Mental health

Mental health

What value do you place on your mental health? I have come to believe it might possibly be our number one asset. Given my history with struggling with mental health, it’s tempting to give it less credit, to pretend it’s less important than it is so I can slack off. We must honor the power of mental health and make a decision to fight for it, regardless of the temptation to give into a victim mentality.

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What is mental health?

Mental health is much more of a problem in society than I think it needs to be. We have failed ourselves in developing the correct ways of thinking and are dealing with massive consequences because of it.

  • Self-talk
  • Positive mental attitude
  • Growth vs. limited mindset
  • Embrace your fears
  • Mental health statistics


From the Anxiety and Phobia workbook “The truth is that it’s what we say to ourselves in response to any particular situation that mainly determines our mood and feelings. Often we say it so quickly and automatically that we don’t even notice, and so we get the impression that the external situation “makes” us feel the way we do. But it’s really our interpretations and thoughts about what is happening that form the basis of our feelings. In short, you are largely responsible for how you feel (barring physiological determinates, such as illness). This is a profound and very important truth- one that sometimes takes a long time to fully grasp. Its often much easier to blame the way you feel on something or someone outside yourself than to take responsibility for your reactions. Yet it is through your willingness to accept that responsibility that you begin to take charge and have mastery over your life. The realization that you are mostly responsible for how you feel is empowering once you fully accept it. It’s one of the most important keys to living a happier more effective and, and anxiety-free life.”

Positive mental attitude

I used to think the school system wasn’t very helpful in building this for our young people.  In working with young people I have been encouraged to learn that this vital information is being introduced to our future generations.  We need to adopt this approach no matter what stage of life we are in.  It undeniably makes life a lot more enjoyable to have a positive attitude! Looking on the bright side will make people want to be around you and will make your relationship with yourself more pleasant as well.


When you set out to accomplish something, obstacles are going to come up.  That is the nature of the design and we need to learn to expect them. Obstacles are presented to us for us to grow by solving that which has gotten in our way.  What used to happen to me is that I wasn’t trained to overcome obstacles so I would default to my limited thinking and decide why my desired outcome wouldn’t work and then I wouldn’t go after the obstacle.  This was a mistake and exactly the opposite of the correct mindset.  Once I learned how to overcome obstacles I realized it was largely due to having a possibility oriented mindset.  Don’t make assumptions! When you reach an obstacle, find out the ways through it and then look into actual solutions.  Do not make assumptions about what those solutions might cost you until you have found out for yourself!  You will be surprised how many times the solution is less than you think.  Part of overcoming obstacles is realizing that this practice will quickly have you arriving in unfamiliar places, you must becoming comfortable being uncomfortable! Just get the information first before you make a decision.  I have been able to make amazing progress with this approach.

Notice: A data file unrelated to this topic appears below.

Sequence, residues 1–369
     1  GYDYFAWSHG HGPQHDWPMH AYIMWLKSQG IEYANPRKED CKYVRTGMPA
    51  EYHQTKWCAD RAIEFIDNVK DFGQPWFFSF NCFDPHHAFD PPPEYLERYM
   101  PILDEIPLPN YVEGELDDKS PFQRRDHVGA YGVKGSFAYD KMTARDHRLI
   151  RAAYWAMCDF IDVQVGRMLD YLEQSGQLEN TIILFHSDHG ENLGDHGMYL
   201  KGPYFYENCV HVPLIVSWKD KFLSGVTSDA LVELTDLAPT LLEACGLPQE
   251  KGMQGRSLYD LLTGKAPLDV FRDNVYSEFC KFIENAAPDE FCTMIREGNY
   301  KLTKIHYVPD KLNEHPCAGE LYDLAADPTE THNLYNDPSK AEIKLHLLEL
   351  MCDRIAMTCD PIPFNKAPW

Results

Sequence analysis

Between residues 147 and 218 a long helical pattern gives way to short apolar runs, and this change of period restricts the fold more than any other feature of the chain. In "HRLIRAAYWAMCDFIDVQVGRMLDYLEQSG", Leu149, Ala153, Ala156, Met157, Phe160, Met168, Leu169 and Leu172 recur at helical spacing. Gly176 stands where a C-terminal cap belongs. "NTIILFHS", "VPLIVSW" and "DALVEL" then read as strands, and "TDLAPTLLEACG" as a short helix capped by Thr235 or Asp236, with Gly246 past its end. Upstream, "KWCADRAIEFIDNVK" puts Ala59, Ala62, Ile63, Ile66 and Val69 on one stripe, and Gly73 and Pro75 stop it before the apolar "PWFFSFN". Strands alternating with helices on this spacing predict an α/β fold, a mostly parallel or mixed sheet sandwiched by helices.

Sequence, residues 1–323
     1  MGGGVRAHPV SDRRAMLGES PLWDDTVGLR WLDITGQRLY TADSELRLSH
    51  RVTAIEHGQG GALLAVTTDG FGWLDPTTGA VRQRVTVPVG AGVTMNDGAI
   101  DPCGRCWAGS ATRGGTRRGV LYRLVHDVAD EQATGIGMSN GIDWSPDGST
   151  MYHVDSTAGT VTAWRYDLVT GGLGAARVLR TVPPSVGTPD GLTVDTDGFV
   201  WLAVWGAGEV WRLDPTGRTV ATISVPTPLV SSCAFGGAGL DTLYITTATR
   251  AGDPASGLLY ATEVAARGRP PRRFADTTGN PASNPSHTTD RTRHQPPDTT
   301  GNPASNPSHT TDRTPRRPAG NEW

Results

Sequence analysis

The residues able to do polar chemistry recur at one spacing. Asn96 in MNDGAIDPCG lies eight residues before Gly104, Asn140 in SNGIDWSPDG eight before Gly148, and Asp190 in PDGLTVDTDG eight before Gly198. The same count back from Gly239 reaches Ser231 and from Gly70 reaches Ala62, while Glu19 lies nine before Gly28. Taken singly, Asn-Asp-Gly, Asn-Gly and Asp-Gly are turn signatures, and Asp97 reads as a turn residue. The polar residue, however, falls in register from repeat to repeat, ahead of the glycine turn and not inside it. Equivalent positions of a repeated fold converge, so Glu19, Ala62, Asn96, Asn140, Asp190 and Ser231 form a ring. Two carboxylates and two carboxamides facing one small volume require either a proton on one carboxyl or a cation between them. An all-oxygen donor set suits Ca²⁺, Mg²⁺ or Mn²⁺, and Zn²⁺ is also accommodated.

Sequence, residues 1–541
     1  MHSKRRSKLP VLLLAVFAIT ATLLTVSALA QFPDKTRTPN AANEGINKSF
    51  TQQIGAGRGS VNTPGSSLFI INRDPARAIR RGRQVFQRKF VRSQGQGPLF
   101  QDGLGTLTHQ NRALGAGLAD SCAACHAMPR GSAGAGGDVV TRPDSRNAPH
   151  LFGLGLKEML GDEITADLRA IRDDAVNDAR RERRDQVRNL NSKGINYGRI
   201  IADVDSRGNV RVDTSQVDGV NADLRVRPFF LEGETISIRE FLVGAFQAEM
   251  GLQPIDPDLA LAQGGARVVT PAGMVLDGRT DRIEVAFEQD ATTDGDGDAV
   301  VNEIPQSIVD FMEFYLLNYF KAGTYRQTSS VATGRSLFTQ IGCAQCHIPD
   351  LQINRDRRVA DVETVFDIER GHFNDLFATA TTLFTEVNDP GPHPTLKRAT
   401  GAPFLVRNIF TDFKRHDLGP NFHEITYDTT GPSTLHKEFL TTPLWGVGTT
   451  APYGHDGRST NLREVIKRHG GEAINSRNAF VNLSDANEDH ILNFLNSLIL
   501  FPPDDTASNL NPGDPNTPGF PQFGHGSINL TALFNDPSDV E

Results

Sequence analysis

Embrace your fears

If you want to take the shortest route to your goals, aim straight for your fears! Everything we want is on the other side of our fears.

Mental health statistics

Mental illnesses affect 19% of the adult population, 46% of adolescents and 13% of children every year.  People struggling with their mental health can be in your family, live next door, teach their children, work in the next room or sit in the same church. However, only half of those affected receive treatment, often due to stigma associated with mental health.  Untreated, mental illness can lead to higher medical expenses, poor school performance and employment, fewer employment opportunities and increased risk of suicide.

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